Sorry Nick Kyrgios, but a grand slam win is light years away

Glenn Mitchell Columnist

By , Glenn Mitchell is a Roar Expert

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    Nick Kyrgios was an embarrassment last night.

    Sadly, it was not the first time and doubtless it will not be the last.

    His second-round loss to Italian world number 89, Andreas Seppi was yet another lost opportunity.

    Pre-tournament Kyrgios was talking up his chances. What he threw up against Seppi was not the stuff of a man entrenched in the world’s top-20.

    His unravelling last night was bizarre as Hisense Arena was transformed into Nonsense Arena.

    Two sets to love up and seemingly cruising towards a third-round clash with Belgian world number 71, Steve Darcis, a berth in the round of 16 was looking like a formality.

    But from that point on it all went pear-shaped for the world number 13.

    He went from being energised and businesslike to someone who seemed totally disinterested.

    In the space of eight minutes in the third set he copped two code violations for verbal and racquet abuse and, as a result, was docked a point.

    He also spent time yelling at his own support crew in the box. The theme seemed to be issues with the way he had been prepared for the tournament.

    Suddenly, the pep in his step was gone as he moped around the court.

    Everything seemed to have become a drudgery as his body language became akin to a man being led to the gallows.

    His shoulders slumped, he dragged his feet between points and before he knew it Seppi had levelled at two sets apiece.

    Towards the pointy end of the final set things entered the realm of the seemingly unbelievable.

    With scores locked at five-all, staring at a break point, Kyrgios chose not to play a backhand to a ball that landed on the line.

    The first point of the next game, with Seppi serving for the match, produced the most bizarre moment of the match.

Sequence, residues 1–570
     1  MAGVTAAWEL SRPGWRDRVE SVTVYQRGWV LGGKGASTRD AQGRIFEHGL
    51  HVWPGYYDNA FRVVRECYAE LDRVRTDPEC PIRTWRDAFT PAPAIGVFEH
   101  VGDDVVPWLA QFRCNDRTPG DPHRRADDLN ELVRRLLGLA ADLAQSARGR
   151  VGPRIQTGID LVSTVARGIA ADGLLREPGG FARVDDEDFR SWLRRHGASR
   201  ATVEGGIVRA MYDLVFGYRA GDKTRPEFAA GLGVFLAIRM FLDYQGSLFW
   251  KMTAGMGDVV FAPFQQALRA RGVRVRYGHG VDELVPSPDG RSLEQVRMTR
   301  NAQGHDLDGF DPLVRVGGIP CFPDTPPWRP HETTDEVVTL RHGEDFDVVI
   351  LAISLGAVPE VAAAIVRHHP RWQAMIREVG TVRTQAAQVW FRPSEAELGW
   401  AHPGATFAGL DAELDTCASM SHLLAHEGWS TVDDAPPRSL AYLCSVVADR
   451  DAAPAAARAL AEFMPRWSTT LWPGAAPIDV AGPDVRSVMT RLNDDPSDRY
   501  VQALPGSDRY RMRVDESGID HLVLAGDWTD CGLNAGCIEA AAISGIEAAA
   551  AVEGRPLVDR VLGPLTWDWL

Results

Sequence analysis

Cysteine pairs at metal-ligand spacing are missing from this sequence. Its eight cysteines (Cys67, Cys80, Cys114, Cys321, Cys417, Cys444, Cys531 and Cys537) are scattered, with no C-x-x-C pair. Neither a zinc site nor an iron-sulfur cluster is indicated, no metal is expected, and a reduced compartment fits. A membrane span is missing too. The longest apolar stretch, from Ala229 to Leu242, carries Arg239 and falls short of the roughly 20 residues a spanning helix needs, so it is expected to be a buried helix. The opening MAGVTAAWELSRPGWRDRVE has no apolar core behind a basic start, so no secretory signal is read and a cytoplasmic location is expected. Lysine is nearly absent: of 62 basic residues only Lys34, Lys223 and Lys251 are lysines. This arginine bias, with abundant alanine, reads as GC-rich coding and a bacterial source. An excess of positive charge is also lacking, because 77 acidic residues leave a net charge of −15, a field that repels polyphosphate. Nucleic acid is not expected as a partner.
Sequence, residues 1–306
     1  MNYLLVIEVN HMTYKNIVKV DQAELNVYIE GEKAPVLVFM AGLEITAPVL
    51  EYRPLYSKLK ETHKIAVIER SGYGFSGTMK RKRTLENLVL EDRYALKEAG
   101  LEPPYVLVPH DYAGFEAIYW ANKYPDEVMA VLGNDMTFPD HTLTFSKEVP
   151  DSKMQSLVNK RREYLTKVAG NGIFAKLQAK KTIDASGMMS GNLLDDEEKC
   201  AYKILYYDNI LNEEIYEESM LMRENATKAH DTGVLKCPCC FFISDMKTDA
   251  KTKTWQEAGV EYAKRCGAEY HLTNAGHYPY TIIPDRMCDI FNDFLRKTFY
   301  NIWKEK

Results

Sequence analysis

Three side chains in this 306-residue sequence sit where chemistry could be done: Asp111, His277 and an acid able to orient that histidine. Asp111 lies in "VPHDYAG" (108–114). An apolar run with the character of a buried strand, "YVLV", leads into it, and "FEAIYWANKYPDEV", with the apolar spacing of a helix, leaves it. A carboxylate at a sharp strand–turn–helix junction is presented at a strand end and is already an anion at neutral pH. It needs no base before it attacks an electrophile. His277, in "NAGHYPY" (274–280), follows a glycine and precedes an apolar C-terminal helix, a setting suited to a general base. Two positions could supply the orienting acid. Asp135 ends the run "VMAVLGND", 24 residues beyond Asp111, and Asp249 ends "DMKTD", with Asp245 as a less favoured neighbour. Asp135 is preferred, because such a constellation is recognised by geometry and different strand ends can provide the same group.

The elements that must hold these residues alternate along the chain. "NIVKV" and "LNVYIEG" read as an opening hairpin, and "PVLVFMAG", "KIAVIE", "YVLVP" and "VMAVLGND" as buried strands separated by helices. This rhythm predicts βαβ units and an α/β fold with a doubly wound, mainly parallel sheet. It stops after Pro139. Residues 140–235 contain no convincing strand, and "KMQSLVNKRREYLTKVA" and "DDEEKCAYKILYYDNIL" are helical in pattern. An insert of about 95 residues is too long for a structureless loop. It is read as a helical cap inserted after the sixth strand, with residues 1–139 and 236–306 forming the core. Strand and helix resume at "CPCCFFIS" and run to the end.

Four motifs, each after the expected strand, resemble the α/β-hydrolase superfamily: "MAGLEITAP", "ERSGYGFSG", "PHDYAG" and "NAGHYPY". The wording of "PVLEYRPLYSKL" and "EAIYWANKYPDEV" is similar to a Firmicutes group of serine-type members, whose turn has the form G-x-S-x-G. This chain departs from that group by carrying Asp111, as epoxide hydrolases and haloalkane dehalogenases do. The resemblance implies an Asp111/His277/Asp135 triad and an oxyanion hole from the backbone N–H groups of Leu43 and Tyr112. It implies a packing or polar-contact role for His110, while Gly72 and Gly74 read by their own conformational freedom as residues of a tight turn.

On what should have been a regulation groundstroke, Kyrgios chose to play the ball back between his legs.

    A ‘tweener’ at that point wreaked of a man who could not care less.

    Remarkably, he won the game to level at six-all before holding a match point at 7-8 on Seppi’s serve.

    He could not convert it and the Italian went on the claim the match 10-8 in the last.

    Despite his lack of application for much of the last three sets the crowd did its best to will him on with each point won being met with raucous applause.

    There were even boos when twice the Seppi kissed the net and the ball dropped over for a winner.

    But, when Kyrgios left the arena the boos were directed at him.

    Take nothing away from Seppi, he hung tough and deserved the win but he was greatly aided in his endeavours by a man who appeared to have given up.

    John McEnroe has spoken often of Kyrgios’ talent, but equally, he has called into question his attitude.

    He did so again after this defeat, saying, “What I don’t understand, what I can’t accept, is when he stops trying. It’s a black eye on the sport”.

    McEnroe was never a role model for on-court behaviour but one thing he never did was tank.

    One could only imagine what was truly going through the mind of Kyrgios’ Davis Cup captain.

    Lleyton Hewitt was doing his best to comment on what he was witnessing but I doubt he really expressed his full thoughts.

    For a man who fought for every point in every match he played he must have been gutted to see such a limp performance from a fellow Australian.

    The fans deserved better. They deserved to see a full commitment towards winning.

    Some will say that they should know what to expect when they part with their hard earned to watch Kyrgios play.

    The problem is, fans pay for tickets to a grand slam well before the schedule is released.

    Last night they were ‘treated’ to a man who cared little for the result.

    Kyrgios’ media conference contained little remorse, with his opening answer being, “I am not going to beat myself up about it.”

    He did however allude to one area of his game when he said, “I don’t think there is anyone else in the top-100 without a coach except me. I think the mental thing is big to me. That’s when a coach would be good.”

    Time will tell as to whether he will engage a full-time mentor.

    Regardless, the current world number 13 appears a long way away from seriously threatening for a major, let alone winning one.

    Yes, he may have the talent, but as he freely admitted last night his mentality is not at the level that is required.

    Glenn Mitchell
    Glenn Mitchell

    After 21 years as a sports broadcaster with the ABC, since mid-2011 Glenn Mitchell has been freelancing in the electronic and written media. He is an ambassador for mental health in Australia, and tweets from @mitchellglenn.

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